You’re thinking about retiring in a small town. Your kids have grown up and moved away, so it’s time for you to downsize and enjoy life out of the hustle and bustle of the big city.

You’ve heard that there are plenty of things to do in small towns and that people are friendly, helpful, and welcoming, all reasons why you should give it a shot.

The retirement quiz questions are the best way to show you whether or not a small town is right for you. This quiz will paint a realistic picture of what life will be like in a small town so that you’ll know if it’s right for you before making any decisions.

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Before you make your move, though, consider these five reasons why retirement might not be as perfect as you think:

1. Not enough things to do

You might be thinking, “This small town is so charming and quiet. It’s perfect for me to spend my retirement years peacefully.” But before you pack up your bags and head off to your new home in the country, consider this: a small town doesn’t have enough things to do. Let’s take a look at some of the problems that arise when retiring in a small town.

2. You miss the city

In a small town, there’s no nightlife to speak of and not much in the way of cultural events. The restaurants are limited to chain stores like Applebee’s and Olive Garden (and their delicious but not particularly adventurous menus). In cities, you can get anything from Korean tacos to Bahn mi sandwiches on any corner, but in the country? Not so much.

So if you’re going to retire elsewhere than where you live now, it may be because you’re looking forward to something that a small town just can’t provide: excitement.

3. Social isolation

The third reason you should avoid retiring in a small town is that it’s easy to become socially isolated. In a big city, you have a wide variety of social opportunities available to you: the office, bars and restaurants, and community events like art shows, and fundraisers. You may even work with friends or people who share your interests.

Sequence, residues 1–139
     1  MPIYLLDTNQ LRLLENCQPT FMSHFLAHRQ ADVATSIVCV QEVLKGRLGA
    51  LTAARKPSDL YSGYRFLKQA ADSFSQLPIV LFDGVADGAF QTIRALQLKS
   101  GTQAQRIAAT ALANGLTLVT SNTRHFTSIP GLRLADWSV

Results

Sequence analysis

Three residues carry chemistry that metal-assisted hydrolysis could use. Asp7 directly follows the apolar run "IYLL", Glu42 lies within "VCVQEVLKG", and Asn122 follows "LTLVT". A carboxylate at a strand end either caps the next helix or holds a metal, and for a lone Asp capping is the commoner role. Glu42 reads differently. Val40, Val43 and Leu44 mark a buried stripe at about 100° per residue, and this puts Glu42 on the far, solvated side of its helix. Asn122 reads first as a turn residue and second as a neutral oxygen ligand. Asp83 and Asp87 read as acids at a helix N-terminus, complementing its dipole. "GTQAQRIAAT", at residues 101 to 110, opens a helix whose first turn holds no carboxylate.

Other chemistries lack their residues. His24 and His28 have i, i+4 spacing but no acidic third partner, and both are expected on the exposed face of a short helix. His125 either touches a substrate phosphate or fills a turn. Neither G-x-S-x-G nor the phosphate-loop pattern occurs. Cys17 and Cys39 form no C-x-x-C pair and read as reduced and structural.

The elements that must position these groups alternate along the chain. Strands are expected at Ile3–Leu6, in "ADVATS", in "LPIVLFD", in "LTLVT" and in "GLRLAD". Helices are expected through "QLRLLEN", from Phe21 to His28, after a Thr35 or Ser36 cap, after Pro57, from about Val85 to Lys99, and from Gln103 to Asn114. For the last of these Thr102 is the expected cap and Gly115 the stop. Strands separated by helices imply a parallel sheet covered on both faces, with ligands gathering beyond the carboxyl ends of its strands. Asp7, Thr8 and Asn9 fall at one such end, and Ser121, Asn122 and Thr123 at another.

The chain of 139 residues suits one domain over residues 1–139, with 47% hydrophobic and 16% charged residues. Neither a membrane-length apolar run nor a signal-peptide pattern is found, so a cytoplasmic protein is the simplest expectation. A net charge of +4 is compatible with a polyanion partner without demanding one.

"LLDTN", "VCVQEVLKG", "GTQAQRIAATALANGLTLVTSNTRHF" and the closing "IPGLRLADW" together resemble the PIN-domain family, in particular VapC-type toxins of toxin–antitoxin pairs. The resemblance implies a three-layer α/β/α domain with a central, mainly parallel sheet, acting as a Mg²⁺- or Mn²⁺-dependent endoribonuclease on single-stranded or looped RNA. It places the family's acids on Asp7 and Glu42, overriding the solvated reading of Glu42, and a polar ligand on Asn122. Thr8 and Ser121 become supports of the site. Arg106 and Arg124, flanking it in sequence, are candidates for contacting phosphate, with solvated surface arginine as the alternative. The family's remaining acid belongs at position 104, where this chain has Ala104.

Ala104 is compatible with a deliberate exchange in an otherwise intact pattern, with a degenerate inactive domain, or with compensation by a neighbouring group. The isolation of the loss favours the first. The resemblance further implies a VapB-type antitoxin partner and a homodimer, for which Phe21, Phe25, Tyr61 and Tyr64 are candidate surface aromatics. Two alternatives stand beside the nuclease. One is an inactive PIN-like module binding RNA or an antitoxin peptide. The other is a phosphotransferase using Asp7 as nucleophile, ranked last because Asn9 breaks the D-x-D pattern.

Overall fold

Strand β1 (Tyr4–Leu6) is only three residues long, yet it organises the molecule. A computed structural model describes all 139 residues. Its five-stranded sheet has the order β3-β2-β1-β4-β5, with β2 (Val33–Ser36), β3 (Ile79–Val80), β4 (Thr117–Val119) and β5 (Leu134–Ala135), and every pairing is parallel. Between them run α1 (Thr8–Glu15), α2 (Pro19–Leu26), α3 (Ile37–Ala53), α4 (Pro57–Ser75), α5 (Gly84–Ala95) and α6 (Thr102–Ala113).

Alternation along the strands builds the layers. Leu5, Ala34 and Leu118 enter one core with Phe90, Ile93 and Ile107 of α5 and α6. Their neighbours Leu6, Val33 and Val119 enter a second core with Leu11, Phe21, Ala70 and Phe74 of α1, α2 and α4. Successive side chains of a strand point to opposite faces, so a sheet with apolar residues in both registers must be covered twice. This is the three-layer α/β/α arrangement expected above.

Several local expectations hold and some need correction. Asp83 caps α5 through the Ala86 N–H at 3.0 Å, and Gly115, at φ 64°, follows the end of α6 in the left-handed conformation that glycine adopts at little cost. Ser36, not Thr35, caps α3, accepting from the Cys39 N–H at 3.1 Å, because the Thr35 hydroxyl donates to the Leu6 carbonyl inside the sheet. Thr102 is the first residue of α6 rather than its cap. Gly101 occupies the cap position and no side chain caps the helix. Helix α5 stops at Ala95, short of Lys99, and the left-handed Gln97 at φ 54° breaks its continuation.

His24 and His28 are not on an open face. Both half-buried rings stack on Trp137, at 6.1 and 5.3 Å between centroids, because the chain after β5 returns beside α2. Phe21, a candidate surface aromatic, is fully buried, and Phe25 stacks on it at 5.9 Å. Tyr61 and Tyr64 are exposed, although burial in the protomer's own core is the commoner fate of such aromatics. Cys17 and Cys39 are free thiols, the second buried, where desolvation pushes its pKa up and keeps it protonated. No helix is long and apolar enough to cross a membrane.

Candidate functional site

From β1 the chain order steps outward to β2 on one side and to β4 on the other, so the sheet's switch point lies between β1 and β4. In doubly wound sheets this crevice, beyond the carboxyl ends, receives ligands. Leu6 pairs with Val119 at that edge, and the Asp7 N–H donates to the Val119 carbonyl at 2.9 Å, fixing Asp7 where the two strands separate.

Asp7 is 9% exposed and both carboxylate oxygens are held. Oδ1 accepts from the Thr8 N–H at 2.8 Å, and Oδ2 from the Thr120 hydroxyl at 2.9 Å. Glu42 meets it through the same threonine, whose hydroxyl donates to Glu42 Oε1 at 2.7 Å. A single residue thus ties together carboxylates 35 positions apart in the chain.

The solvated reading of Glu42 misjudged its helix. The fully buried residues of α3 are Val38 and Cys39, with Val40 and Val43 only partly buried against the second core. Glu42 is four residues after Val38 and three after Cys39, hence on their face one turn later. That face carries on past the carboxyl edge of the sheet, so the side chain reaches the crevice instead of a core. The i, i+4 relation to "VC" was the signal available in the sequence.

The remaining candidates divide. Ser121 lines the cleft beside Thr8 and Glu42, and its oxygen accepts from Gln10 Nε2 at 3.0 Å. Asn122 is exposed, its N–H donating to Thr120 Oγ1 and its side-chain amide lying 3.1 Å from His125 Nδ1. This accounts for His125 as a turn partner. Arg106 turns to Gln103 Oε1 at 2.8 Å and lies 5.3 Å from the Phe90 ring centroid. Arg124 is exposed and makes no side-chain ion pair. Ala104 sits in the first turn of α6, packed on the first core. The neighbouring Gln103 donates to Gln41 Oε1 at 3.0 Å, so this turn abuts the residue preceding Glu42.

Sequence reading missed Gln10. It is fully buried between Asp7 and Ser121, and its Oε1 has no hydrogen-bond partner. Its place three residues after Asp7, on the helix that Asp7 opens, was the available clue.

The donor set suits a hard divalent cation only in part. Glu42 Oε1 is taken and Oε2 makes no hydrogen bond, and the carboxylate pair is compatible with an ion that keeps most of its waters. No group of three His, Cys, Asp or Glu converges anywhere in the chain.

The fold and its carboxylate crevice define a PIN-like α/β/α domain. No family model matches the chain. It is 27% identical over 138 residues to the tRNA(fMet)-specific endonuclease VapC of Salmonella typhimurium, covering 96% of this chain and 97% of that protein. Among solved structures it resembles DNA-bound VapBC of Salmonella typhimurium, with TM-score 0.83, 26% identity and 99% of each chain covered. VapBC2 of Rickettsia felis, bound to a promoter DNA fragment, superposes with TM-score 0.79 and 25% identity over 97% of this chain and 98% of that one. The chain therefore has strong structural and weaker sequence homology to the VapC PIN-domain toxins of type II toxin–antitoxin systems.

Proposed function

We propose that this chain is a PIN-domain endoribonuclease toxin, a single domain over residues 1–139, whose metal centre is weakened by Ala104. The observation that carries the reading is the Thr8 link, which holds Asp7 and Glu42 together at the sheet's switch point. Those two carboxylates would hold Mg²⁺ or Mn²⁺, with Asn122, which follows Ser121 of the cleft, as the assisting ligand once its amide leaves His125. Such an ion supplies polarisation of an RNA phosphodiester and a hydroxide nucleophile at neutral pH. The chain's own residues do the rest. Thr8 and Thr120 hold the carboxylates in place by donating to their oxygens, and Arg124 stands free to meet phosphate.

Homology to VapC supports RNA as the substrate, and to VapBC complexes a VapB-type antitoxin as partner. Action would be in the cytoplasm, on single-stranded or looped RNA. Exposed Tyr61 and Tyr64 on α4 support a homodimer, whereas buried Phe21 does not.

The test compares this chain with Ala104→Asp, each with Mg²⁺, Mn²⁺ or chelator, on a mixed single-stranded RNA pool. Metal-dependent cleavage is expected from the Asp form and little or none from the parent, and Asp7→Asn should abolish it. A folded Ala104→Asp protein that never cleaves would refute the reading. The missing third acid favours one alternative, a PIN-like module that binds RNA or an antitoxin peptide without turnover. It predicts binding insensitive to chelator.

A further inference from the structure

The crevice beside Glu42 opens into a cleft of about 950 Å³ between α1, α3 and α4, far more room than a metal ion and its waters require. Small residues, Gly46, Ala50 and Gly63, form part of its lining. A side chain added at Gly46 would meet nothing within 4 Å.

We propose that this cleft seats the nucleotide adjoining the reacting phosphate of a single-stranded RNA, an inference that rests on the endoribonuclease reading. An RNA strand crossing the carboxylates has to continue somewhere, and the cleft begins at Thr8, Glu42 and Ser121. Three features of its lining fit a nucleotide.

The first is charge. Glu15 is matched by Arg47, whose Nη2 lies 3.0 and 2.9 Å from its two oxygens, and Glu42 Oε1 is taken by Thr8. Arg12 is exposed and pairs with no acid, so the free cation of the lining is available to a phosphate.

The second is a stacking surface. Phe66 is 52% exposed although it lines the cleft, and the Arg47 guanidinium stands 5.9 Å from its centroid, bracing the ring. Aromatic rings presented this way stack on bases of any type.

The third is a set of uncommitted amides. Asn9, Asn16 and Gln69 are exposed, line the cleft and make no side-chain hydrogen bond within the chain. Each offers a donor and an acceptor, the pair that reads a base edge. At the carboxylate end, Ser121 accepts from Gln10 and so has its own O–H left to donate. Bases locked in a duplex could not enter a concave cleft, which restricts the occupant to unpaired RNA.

But once you move away from all those things, it’s harder for them to continue on into retirement age.

You simply don’t have the same level of access to groups or organizations that keep older adults active and engaged with others.

And even if there are some options in your new neighborhood (like volunteer activities), chances are they won’t be as diverse or interesting as what was available when you were younger.

And they likely won’t include anyone close enough in age that they can become friends outside of these events either.​

4. Limited resources and services

If you’re used to having everything at your fingertips, living in a small town can be a shock. The resources and services available will be much less than what you’re used to.

For example, if you like shopping at malls or going to the movies on weekends, or even just walking around downtown for an afternoon of window shopping and people-watching, it’s unlikely that there will be anything comparable in your new town.

Similarly, if you need public transportation or taxis to get around town on days when your car isn’t working (or if it’s just too cold or rainy), don’t expect those options in most small towns.

You may also have difficulty finding local libraries that have extensive collections of books and DVDs; depending on where you live, they may not even exist at all.

Finally, and perhaps most importantly, the number of restaurants and bars may be limited as well; after all, not many people want to eat out when there aren’t very many places nearby where they can go.

5. Healthcare can be an issue

In many small towns, you’re likely to find fewer doctors and longer wait times at the local hospital. If you need some specialized care and are ready to retire in a small town, then make sure to research the local healthcare situation first.


While retiring in a small town can be a great option for some people, it’s important to consider the downsides as well.

Let’s say if you miss city life, then retiring to a small town might not be right for you. Also, if you like having access to healthcare services close by or don’t want to feel isolated then it may not be ideal either.

However, if none of these apply then there are still many reasons why living in a small town could be wonderful for your retirement years.